Updated: Jul 17
Today is the first day of 2020’s Mental Health Awareness Week and there is still a lot going on online even if we can’t come together. And perhaps it’s more poignant now than ever to be taking time to think about our own mental health and asking other people how they are doing.
If you need support with your own mental health, please reach out to someone. You can find a list of resources for mental health support on the NHS website and some great information on the Mental Health Foundation website.
So with Mental Health Awareness Week upon us, what can you do to get involved?
1. Take part in the Mental Health Foundation’s kindness challenge
This year’s theme for Mental Health Awareness Week is kindness. This reflects the fact that we are surrounded by so much amazing support at the moment and hopes to encourage it to continue. Check out this blog from Mental Health Foundation’s CEO about how kindness and mental health are deeply connected.
Get involved with the Mental Health Awareness Week conversation on social media with #kindnessmatters, and raise some money with their challenge to move for 30 minutes each day in May or run your own fundraising event. We are massive fans of the ‘be kind’ message and its benefits as we highlighted in our previous blog. Also see in the picture below our very own What Can We Do? #COVAKchallenge.
What Can We Do?’s #COVAKchallenge
2. Read up on the different kinds of mental health issues
If the COVID-19 crisis has done anything, it has highlighted the inequalities in society and that is the same when it comes to our mental health. People in poorer parts of the UK are two to three times more likely to experience mental health issues than those in richer areas.
It’s important to build our awareness and understanding of these issues which are so present in our societies and communities. We can educate ourselves this Mental Health Awareness Week to make us better placed to deal with them, whether they happen to us or to someone around us. Have a read of this brilliant introduction to mental health problems from MIND, and the different types of mental health issues from Time To Change.
3. Check out a film or workshop from the virtual Scottish Mental Health Arts Festival
Now in its 17th year, the festival is online and aims to celebrate the artistic achievements of people with experience of mental health issues. It also explores the relationship between creativity and the mind, and promote positive mental health and wellbeing.
You can watch a film exploring the positive relationship between mental health and video games; join the Mental Health Movie Monthly discussion on Twitter about the film District 9; or join a free weekly movement session.
Have a look at what’s on for the full list of theatre shows, Q&As, workshops, discussions and more.
Some of the activities taking place during the Scottish Mental Health Arts Festival
4. Fight the stigma by talking
The number one tip from the Mental Health Foundation about how to look after your own mental health is to talk, talk, talk. Checking in with friends and family is the number one piece of advice from Time To Change for supporting people.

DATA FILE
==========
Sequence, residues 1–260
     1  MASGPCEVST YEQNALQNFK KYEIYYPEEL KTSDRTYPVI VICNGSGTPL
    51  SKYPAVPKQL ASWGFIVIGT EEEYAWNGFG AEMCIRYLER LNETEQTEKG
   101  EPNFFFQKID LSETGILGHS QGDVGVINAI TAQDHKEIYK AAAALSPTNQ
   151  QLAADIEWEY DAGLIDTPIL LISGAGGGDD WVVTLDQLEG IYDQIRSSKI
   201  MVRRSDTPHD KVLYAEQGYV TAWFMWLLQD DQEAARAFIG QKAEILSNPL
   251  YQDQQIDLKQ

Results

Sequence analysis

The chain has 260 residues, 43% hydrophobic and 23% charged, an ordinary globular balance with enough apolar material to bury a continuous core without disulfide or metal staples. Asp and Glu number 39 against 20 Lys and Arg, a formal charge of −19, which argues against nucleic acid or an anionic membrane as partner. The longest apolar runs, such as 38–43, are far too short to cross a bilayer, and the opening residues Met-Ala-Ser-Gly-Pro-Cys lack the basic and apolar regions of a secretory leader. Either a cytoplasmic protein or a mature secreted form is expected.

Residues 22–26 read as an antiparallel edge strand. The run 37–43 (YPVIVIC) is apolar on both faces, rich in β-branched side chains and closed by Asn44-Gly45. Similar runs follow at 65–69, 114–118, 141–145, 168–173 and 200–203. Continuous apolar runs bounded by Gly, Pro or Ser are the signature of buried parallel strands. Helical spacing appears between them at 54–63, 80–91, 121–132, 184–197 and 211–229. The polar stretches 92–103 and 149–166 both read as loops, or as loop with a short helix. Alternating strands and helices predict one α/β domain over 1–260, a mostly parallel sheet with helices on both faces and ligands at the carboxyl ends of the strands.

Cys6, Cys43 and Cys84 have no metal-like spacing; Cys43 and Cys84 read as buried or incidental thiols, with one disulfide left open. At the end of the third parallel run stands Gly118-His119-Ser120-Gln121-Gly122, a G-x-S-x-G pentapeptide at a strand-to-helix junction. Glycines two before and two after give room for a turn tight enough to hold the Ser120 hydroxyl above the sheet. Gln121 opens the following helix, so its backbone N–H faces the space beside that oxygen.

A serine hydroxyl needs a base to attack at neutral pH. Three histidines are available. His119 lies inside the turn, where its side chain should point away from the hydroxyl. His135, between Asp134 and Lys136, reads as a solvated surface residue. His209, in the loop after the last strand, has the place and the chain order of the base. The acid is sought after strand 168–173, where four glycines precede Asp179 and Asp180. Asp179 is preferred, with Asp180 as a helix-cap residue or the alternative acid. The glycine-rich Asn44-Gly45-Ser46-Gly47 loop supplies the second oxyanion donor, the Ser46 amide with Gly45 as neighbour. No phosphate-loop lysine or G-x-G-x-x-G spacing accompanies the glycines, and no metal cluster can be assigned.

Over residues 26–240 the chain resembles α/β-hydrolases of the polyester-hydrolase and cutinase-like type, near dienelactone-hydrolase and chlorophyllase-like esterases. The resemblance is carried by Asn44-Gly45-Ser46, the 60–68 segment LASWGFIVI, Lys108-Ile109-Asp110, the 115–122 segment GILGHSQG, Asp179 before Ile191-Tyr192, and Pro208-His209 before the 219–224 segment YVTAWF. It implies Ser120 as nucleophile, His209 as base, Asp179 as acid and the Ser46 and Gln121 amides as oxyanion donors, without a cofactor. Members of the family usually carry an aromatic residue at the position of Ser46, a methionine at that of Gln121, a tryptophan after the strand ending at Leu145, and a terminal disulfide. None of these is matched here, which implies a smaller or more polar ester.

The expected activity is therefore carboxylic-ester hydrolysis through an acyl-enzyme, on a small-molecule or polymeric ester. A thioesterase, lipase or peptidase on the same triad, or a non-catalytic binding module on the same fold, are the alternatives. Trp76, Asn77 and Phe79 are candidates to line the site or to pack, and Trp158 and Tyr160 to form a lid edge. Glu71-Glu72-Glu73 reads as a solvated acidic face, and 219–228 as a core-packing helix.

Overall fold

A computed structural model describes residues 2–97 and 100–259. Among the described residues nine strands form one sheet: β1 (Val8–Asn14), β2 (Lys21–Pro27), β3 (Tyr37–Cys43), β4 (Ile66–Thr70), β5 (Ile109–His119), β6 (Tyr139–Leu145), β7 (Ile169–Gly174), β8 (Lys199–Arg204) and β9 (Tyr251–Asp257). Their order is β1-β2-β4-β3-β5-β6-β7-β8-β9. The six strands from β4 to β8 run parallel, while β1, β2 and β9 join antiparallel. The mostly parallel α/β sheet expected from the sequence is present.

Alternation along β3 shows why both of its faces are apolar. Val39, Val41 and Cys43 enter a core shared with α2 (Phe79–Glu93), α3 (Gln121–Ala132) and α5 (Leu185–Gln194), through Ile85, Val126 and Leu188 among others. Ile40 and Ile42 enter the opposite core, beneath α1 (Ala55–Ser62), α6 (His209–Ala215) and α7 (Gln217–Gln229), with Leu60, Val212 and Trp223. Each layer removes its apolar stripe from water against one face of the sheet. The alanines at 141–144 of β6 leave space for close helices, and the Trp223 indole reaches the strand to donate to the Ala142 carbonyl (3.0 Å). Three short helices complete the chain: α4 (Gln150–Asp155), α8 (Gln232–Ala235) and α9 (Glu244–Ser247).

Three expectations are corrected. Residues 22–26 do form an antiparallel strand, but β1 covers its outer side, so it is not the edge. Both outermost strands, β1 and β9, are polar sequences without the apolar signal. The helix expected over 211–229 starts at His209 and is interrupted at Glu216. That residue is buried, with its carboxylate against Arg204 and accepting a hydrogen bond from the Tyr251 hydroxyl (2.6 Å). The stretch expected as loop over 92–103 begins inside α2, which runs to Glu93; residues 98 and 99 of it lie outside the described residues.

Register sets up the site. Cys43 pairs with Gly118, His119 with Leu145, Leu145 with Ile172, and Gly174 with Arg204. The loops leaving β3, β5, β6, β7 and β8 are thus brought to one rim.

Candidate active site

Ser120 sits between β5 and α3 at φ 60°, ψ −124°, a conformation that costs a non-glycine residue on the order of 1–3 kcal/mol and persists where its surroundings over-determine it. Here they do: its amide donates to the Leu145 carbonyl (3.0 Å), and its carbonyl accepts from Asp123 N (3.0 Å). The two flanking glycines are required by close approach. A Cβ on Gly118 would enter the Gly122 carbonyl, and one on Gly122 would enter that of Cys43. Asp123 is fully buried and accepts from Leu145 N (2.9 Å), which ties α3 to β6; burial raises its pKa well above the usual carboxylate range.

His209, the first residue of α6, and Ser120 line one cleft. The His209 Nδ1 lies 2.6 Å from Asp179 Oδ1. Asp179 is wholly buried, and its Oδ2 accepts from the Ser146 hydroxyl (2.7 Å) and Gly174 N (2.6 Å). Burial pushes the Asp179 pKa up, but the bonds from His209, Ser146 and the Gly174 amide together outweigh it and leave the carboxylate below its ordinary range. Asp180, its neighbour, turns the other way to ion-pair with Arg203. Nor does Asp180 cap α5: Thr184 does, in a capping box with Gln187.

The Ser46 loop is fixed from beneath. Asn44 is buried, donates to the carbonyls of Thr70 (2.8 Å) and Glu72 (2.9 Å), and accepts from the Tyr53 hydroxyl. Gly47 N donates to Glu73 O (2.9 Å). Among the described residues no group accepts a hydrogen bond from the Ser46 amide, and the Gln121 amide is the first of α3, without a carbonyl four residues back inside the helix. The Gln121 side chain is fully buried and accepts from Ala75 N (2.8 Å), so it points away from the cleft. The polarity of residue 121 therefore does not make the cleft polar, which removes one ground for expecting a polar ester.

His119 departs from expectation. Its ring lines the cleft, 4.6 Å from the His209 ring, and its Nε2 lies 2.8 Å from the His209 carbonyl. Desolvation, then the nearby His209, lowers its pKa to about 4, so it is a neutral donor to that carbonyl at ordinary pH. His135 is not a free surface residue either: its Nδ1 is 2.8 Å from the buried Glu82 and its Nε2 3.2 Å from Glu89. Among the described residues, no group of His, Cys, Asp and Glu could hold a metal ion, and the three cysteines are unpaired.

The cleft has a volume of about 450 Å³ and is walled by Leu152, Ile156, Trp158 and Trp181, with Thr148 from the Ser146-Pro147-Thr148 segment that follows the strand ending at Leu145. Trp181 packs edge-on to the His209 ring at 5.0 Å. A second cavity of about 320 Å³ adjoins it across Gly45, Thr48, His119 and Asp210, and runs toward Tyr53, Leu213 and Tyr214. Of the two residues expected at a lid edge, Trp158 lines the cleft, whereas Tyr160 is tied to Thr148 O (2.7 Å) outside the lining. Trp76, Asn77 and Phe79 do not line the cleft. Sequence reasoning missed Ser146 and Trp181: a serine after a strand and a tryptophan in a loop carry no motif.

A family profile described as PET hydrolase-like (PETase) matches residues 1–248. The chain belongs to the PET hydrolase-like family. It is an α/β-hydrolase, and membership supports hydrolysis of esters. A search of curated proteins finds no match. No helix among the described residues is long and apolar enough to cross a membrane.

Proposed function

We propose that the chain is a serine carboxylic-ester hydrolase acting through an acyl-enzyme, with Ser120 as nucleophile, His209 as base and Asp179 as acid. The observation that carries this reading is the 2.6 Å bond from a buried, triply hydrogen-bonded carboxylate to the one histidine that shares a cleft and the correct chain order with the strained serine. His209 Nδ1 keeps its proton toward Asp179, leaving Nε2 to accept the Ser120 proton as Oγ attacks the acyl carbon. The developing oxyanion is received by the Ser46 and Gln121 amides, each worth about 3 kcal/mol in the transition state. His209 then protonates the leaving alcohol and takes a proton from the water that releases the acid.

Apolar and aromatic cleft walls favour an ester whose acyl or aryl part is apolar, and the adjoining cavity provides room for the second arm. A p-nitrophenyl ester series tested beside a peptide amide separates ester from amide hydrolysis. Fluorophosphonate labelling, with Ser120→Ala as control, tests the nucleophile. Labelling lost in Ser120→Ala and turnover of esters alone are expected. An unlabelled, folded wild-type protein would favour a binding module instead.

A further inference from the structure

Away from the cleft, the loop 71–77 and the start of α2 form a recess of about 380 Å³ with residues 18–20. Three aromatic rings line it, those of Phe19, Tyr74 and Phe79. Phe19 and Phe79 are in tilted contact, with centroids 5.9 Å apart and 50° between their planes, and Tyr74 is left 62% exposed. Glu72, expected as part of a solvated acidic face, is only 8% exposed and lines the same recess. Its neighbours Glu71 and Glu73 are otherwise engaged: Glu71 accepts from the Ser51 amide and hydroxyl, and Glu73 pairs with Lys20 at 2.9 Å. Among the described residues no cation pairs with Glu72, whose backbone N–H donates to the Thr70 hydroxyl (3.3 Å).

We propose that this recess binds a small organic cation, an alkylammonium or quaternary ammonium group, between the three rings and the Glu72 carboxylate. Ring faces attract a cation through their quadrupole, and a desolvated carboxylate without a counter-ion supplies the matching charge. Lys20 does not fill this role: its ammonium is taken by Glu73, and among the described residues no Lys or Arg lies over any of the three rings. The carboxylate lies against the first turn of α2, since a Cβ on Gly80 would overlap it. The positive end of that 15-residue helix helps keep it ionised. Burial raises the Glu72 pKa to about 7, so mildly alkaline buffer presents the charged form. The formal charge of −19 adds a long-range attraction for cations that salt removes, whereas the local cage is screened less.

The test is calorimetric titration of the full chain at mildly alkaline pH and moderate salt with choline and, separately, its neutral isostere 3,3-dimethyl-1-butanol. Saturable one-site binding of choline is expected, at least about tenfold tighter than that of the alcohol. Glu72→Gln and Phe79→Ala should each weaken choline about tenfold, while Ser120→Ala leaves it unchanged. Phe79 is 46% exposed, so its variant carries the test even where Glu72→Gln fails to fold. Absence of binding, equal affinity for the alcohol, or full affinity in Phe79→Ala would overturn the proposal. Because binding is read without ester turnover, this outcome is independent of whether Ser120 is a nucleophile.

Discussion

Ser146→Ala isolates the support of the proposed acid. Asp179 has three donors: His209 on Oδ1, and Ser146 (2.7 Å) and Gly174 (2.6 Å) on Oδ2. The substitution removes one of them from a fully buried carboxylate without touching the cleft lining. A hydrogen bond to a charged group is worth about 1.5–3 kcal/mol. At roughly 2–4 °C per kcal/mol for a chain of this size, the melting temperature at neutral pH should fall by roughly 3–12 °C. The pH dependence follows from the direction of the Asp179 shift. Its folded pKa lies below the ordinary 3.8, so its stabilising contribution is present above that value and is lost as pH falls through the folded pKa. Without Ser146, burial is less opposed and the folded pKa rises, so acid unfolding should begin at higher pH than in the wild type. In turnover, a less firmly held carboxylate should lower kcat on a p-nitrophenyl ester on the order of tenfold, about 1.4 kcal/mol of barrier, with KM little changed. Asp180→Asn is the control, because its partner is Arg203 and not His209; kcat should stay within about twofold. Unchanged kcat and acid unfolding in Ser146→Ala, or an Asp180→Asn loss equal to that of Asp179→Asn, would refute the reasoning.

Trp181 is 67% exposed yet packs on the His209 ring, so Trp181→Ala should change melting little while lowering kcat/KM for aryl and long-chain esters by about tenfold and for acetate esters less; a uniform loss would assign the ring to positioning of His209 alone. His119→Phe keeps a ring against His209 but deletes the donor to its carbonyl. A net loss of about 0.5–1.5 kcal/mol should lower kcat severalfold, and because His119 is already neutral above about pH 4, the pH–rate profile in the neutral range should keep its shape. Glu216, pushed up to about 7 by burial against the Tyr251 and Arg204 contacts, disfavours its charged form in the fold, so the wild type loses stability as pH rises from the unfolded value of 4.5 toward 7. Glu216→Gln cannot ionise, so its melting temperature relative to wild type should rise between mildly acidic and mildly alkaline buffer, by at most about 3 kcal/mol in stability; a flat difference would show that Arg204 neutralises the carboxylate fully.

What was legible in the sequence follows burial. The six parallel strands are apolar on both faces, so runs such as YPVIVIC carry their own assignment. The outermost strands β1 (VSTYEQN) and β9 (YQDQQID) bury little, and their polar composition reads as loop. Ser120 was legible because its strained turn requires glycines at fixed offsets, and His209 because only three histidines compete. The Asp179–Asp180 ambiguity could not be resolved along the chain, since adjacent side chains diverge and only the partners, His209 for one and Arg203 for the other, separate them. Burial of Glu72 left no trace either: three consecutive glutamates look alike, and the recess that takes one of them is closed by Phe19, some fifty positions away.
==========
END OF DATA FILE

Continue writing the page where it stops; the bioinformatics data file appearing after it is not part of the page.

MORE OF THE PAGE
Talking also helps to reduce the stigma which still exists around mental health problems in some communities – whether its about your own experiences, or generally. One in four of us will experience mental health issues in our lifetime so being comfortable discussing them can help us manage them more easily. If you’re in England you might be able to get into some open space to safely meet a friend to talk. Otherwise, over the phone, video call or text can be just as effective.
Talk about it in your everyday communications with friends and family; get involved with Mental Health Awareness Week on social media by using their Instagram sticker and sharing their posts; and read this article from MIND about how to deal with stigma and misconceptions surrounding mental health issues. Being open and showing that there is nothing to be ashamed of may encourage someone to seek help.
5. Donate your time or money to a relevant cause
There are a number of charities working hard to support those with mental health problems. Through raising awareness of the issues surrounding them and reduce stigma. All charities are struggling for funding during this time yet are seeing a huge surge in their workload. Consider a donation to MIND, Mental Health Foundation, or the student focused Nightline Association, Young Minds. If you’re looking for more ideas, check out the other charities on our Donations page.
Feeling inspired? Here’s another way to help that only requires a phone. A huge number of charities are looking for telephone befrienders to support those who are shielding or people who are isolated. MIND says that loneliness and mental health issues are strongly linked. Connecting regularly with someone can really help to improve their quality of life, and you may also make a friend! There may be charities matching volunteers to people near where you live. You can also find national opportunities on our Actions page.
6. Take care of your own mental health
Life is looking very different for all of us at the moment. It’s more important than ever to make sure we’re taking care of ourselves to avoid burning out, becoming isolated, or developing mental health or physical health issues.
Self-care can help ease the symptoms of many mental health problems, and help prevent some from developing or getting worse. Taking care of yourself means you are more able to support others. Some ways to do this include staying aware of your mental state, eating well, getting enough sleep and keeping physically active. Also, there are plenty of tips available here from MIND.
Looking for more ways to get involved? Check out the following posts to find more ways to help:
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